The Advantages and Disadvantages of being a Dual Citizen (Part 1)Posted on March 14th, 2010 under Wealth of Advice
By Michael J. Gurfinkel, Esq.
Dear Attorney Gurfinkel:
I am a Filipino citizen and am now eligible for U.S. citizenship, as I have been a green card holder for more than 5 years. Can you please explain some of the advantages and disadvantages of being a dual citizen of the Philippines and the U.S.?
Very truly yours,
Dual citizenship is recognized and allowed under U.S. law. While at one time dual citizenship was “frowned upon”, courts have now recognized that dual nationality is “a status long recognized in the law” and, “the mere fact that [a person] asserts the rights of one citizenship does not without more mean that he renounces the other”. In other words, dual citizenship is allowed.
I believe there are many advantages in becoming a U.S. citizen. These include the following:
- A person can never be deported/removed once he or she is a U.S. citizen. Remember, even if you are a lawful permanent resident (green card holder), you could still be deported (i.e., if a green card holder later commits certain crimes, including assault, theft, etc.). I know of many situations where a person had been a green card holder for decades but never got around to naturalizing. For one reason or another, they got into trouble with the law, and were convicted of a crime that made them deportable. Had they become a U.S. citizen before their crime, they would not have endangered their future in America.
- A citizen can petition more family members than a green card holder. While a green card holder can only petition his or her spouse and unmarried children (whether the child is under or over 21 years of age), a US citizen can also petition his or her parents, brothers and sisters, and married children (in addition to spouse and unmarried children). Of course, the waiting time for brothers and sisters and married children is very long, but a parent of a U.S. citizen is considered an “immediate relative”, and is immediately eligible for a green card (It typically takes less than a year to process a parent for a green card.) I know that many working Filipinos in the U.S. with small children love the fact that they can bring their parent to the U.S. to act as a trusted babysitter, to raise their children while they are at work.
- A U.S. citizen can stay outside the U.S. for as long as he or she wants. If a person is an immigrant, he or she can typically stay outside the U.S. for no more than six months (without running into additional complications). If an immigrant stays outside the U.S. for more than one year, it is considered that he or she abandoned their green card. There were many situations where a person got a green card, and then went back to the Philippines for more than a year (either to finish schooling, got married and/or were raising a family in the Philippines, etc.). Therefore, he or she had abandoned his or her green card. In contrast, a U.S. citizen can stay outside the U.S. for as long as he wants, and will not lose his U.S. citizenship because of any long absence from the U.S. In fact, there are cases where a U.S. citizen may have never lived in the U.S., but is still considered one. Therefore, staying outside the U.S. for as long as a person wants is another advantage to citizenship.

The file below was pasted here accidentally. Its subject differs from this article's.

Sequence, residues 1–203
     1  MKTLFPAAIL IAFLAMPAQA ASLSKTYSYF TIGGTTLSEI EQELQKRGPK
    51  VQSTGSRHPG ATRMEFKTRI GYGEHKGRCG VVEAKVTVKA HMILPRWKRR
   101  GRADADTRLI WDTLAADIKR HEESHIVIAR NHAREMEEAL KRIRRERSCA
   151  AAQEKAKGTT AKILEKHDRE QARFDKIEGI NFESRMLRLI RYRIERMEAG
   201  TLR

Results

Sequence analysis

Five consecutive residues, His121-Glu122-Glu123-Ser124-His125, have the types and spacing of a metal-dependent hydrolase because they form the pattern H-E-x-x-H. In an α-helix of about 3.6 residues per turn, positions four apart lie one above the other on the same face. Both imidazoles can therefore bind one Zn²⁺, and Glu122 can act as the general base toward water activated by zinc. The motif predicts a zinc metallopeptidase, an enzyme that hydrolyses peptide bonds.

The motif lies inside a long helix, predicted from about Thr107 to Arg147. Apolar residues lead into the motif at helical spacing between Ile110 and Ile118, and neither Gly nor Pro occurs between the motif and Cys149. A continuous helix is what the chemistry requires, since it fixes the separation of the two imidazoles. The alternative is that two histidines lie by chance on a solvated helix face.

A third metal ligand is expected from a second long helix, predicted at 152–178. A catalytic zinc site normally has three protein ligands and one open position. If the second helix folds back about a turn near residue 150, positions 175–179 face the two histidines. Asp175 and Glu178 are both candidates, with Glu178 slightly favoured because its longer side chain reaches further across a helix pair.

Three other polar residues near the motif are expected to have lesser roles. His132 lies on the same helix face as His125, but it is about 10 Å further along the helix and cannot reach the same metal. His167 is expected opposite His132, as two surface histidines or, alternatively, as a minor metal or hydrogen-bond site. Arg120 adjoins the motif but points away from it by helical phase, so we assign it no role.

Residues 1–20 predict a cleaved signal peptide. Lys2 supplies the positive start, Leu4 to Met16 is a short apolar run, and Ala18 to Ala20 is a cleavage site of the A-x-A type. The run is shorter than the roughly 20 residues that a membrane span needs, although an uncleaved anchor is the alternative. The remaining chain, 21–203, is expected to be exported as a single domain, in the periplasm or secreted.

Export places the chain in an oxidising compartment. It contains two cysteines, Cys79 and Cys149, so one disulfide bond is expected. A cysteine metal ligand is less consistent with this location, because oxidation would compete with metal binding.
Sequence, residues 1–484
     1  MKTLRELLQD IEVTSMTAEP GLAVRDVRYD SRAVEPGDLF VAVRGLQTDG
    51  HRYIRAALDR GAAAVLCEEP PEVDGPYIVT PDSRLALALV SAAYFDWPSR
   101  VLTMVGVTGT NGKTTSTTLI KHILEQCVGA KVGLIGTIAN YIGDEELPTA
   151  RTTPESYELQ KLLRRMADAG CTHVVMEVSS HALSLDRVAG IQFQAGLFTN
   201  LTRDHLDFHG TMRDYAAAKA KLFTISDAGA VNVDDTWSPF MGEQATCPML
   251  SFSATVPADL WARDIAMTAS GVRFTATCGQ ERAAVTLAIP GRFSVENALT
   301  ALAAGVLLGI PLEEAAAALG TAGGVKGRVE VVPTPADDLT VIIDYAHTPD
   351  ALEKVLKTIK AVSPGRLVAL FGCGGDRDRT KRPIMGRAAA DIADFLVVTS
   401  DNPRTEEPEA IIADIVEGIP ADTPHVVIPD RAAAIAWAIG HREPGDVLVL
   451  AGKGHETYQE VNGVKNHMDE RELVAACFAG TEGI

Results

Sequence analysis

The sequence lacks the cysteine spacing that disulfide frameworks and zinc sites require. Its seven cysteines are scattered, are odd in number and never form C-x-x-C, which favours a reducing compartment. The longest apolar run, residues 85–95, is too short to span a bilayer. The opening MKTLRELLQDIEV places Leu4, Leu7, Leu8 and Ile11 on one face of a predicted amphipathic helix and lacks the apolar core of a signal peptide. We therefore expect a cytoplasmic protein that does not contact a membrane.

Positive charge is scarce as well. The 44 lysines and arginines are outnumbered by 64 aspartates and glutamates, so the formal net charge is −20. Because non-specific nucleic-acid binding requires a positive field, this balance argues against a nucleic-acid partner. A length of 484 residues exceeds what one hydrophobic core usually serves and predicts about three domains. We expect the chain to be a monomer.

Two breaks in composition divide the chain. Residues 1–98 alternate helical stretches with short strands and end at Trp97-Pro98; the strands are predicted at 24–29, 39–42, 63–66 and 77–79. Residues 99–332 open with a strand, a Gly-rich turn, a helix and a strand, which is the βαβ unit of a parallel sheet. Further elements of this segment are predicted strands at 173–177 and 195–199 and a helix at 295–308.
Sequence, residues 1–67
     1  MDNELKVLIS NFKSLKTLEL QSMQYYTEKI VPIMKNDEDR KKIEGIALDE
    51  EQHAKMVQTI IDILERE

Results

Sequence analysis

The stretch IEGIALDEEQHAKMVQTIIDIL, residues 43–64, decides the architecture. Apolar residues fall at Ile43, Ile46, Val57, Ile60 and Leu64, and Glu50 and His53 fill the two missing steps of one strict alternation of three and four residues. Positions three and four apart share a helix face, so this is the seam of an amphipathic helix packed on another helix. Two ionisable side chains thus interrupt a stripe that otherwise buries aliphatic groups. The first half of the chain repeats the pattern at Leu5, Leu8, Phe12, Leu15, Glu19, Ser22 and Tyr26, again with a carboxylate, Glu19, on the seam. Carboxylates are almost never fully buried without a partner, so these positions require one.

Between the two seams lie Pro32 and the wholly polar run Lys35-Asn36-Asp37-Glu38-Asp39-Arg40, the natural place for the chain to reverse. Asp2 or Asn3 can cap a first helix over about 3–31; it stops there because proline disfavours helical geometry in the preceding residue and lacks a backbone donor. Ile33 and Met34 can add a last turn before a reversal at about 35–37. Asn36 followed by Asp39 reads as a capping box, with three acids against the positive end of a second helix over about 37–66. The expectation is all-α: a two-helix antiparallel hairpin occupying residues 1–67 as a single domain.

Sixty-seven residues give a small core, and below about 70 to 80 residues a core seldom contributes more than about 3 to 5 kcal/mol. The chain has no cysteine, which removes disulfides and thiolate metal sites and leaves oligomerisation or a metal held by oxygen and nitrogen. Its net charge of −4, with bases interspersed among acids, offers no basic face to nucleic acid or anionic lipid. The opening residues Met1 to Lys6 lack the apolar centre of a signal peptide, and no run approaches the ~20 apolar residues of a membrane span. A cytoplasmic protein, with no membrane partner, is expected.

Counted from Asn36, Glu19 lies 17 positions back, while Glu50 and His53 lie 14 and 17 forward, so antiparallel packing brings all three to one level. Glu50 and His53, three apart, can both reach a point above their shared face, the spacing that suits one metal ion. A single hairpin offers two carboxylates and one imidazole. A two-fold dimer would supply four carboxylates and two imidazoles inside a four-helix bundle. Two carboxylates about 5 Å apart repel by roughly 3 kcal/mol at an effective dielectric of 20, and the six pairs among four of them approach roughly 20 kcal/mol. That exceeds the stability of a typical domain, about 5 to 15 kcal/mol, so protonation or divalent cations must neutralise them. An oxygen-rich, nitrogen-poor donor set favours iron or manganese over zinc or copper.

- A U.S. citizen does not need a visa to travel to many countries. As a U.S. citizen, a person is able to travel to Europe and many other countries without having to obtain a visa from that country. If a person is only an immigrant, he may still be required to obtain a visa to travel to many countries around the world.
- A U.S. citizen also may vote in U.S. elections. This can be very critical, because immigrants are not allowed to vote in U.S. elections. In fact, it is a very serious immigration violation for non-citizens to vote in U.S. elections. I have seen many situations where an immigrant inadvertently voted in a U.S. election, and it messed up their chances for naturalization
As you can see, there are many advantages in obtaining U.S. citizenship. However, in some cases there could also be a number of issues or problems if a person applies for U.S. citizenship. For example, if a person obtained his green card illegally (i.e. he obtained a green card as “single”, but was really married), then applying for U.S. citizenship could result in the person’s fraud being discovered. In that case, they would not only be denied citizenship, but could also possibly be placed in removal/deportation. Similarly, if an immigrant has a criminal record, applying for naturalization could create complications or possible removal/deportation. Moreover, if a male between the age of 18 and 26 failed to register for Selective Service, he may not be eligible for U.S. citizenship until he reaches the age of 31 (Therefore, it is very important for males to register for Selective Service.) In addition, if a person has an “aged-out” child, who qualify for benefits under Section 3 of Child Status Protection Act (CSPA), that parent may not want to naturalize, as it may affect the child’s age out benefits.
That is why it is important that if a person is thinking about pursuing citizenship, they may want to first seek the advice of a reputable attorney, to make sure it is “safe” to do so, and that the person is truly eligible for citizenship.